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Concerning the period of the Thermidorian Reaction we find Carlyle in his "A History" reporting the following:

This Convention, now grown Anti-Jacobin,did,with an eye to justify and fortify itself, publish Lists of what the Reign of Terror had perpetrated: Lists of Persons Guillotined. The Lists, cries splenetic Abbe Montgaillard, were not complete. They contain the names of, How many persons thinks the reader?—Two Thousand all but a few. There were above Four Thousand, cries Montgaillard: so many were guillotined... of whom Nine Hundred were women. (Montgaillard, iv. 241.) It is a horrible sum of human lives, M. l’Abbe:—some ten times as many shot rightly on a field of battle, and one might have had his Glorious-Victory with Te-Deum. It is not far from the two-hundredth part of what perished in the entire Seven Years War. By which Seven Years War, did not the great Fritz wrench Silesia from the great Theresa; and a Pompadour, stung by epigrams, satisfy herself that she could not be an Agnes Sorel? The head of man is a strange vacant sounding-shell, M. l’Abbe; and studies Cocker to small purpose.

A careful reading of Carlyle indicates that he himself seems to scoff at the notion that less than two thousand (or even four thousand) were Guillotined. And from many other places in his book, it appears clear that there were far more victims of the guillotine. He mentions Forty Four thousand revolutionary committees all over France, collecting prisoners and sending them to Paris to be guillotined, as well as bands of Jacobins traversing all of France with portable guillotines that they would set up in the town square where they arrived, and haul in their victims to be beheaded - whole families at once, men women and children.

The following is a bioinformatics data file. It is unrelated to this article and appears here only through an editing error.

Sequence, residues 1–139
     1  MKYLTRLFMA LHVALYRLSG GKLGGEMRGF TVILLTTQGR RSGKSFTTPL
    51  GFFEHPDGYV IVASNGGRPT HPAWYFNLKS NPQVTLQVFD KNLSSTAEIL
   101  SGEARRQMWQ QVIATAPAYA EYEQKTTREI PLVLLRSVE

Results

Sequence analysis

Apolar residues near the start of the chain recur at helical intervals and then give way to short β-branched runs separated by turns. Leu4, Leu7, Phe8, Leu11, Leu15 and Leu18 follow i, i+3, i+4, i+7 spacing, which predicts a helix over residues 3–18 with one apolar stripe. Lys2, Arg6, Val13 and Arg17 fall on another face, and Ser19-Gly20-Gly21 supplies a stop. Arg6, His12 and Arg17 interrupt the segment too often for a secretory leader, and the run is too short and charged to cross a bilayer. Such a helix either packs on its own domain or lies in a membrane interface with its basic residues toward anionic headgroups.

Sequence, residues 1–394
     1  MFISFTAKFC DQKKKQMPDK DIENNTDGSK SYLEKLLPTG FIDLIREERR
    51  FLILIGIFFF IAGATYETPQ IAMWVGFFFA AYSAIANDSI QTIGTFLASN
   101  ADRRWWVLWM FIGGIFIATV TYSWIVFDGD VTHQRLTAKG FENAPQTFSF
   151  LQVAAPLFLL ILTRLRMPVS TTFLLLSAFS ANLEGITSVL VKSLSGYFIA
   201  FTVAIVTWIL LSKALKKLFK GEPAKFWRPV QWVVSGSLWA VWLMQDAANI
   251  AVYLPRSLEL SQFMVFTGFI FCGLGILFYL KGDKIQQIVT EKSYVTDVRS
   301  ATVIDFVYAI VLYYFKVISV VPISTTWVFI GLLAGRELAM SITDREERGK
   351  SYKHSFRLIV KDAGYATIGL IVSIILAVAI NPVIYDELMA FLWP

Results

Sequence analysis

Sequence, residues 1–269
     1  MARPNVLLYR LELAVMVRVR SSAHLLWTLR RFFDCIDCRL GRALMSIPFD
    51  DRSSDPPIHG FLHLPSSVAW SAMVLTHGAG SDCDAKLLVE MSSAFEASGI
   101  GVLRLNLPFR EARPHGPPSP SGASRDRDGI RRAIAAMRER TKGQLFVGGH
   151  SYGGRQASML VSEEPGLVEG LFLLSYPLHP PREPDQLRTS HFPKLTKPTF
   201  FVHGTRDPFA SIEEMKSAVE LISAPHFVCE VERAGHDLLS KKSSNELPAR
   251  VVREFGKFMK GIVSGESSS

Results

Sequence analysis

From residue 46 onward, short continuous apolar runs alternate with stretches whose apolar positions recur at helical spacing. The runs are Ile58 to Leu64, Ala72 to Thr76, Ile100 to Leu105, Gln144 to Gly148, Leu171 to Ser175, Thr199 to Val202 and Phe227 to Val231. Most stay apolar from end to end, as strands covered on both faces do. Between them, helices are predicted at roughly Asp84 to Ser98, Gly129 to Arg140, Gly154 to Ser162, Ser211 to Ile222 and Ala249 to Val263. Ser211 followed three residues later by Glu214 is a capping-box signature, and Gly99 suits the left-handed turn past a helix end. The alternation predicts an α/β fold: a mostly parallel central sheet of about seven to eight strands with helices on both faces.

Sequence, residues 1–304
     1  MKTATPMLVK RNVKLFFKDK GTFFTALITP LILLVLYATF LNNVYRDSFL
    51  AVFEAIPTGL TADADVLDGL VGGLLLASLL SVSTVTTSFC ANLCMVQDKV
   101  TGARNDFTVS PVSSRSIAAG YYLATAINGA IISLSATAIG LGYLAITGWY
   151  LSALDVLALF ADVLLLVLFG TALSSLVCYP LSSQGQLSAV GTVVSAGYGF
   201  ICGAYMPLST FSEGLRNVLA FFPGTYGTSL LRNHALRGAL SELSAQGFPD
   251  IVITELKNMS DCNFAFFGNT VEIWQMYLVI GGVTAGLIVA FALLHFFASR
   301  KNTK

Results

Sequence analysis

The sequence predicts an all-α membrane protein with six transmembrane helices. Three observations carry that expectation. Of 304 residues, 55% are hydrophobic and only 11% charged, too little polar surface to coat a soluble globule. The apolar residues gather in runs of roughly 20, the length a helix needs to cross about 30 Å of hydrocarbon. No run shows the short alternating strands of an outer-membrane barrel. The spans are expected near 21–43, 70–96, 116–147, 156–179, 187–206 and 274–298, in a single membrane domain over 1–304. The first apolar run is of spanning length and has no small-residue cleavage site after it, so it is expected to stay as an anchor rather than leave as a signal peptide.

And we find a parade of "tumbrils" traversing the streets of Paris, carrying their victims to the guillotine, containing ten, twenty and as many as sixty at a time, for months on end or perhaps even a year.

The Revolutionaries also set up facilities for putting to use the human remains of their victims:

One other thing, or rather two other things, we will still mention; and no more: The Blond Perukes; the Tannery at Meudon. Great talk is of these Perruques blondes: O Reader, they are made from the Heads of Guillotined women! The locks of a Duchess, in this way, may come to cover the scalp of a Cordwainer: her blond German Frankism his black Gaelic poll, if it be bald. Or they may be worn affectionately, as relics; ren- dering one suspect? (Mercier, ii. 134.) Citizens use them, not without mockery; of a rather cannibal sort. Still deeper into one’s heart goes that Tannery at Meudon; not mentioned among the other miracles of tanning! ‘At Meudon,’ says Montgaillard with considerable calmness, ‘there was a Tannery of Human Skins; such of the Guillotined as seemed worth flaying: of which perfectly good wash-leather was made:’ for breeches, and other uses. The skin of the men, he remarks, was superior in toughness (consistance) and quality to shamoy;

This seems to indicate that there were far more than two thousand victims - these wigs and 'leather' products appear to have been fairly widespread, and it would hardly have been worth the trouble to set up such operations at all for only one thousand victims (one thousand men and one thousand women).

When I considered the number, it seemed to me that 100,000 would be a conservative estimate. If each of the 44,000 councils sent only one to the guillotine, we already have 44,000. Do we have a clear reckoning (not a simple count but an accounting) of how many heads were actually felled by guillotine during the Revolution?

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Are you asking about those who were guillotined or also about those who were kileld in other ways? And do the casualties of the Vendee count here? The question is not quite clear as it is. –  Felix Goldberg Aug 14 '13 at 7:16
    
@FelixGoldberg : "how many heads were actually felled by guillotine" - can I be any clearer? :-) Le Vendee? Good question... were they guillotining over there? I'll have to review - from Carlyle it sounds more like just a general military/paramilitary sort skirmish. –  user2590 Aug 14 '13 at 7:29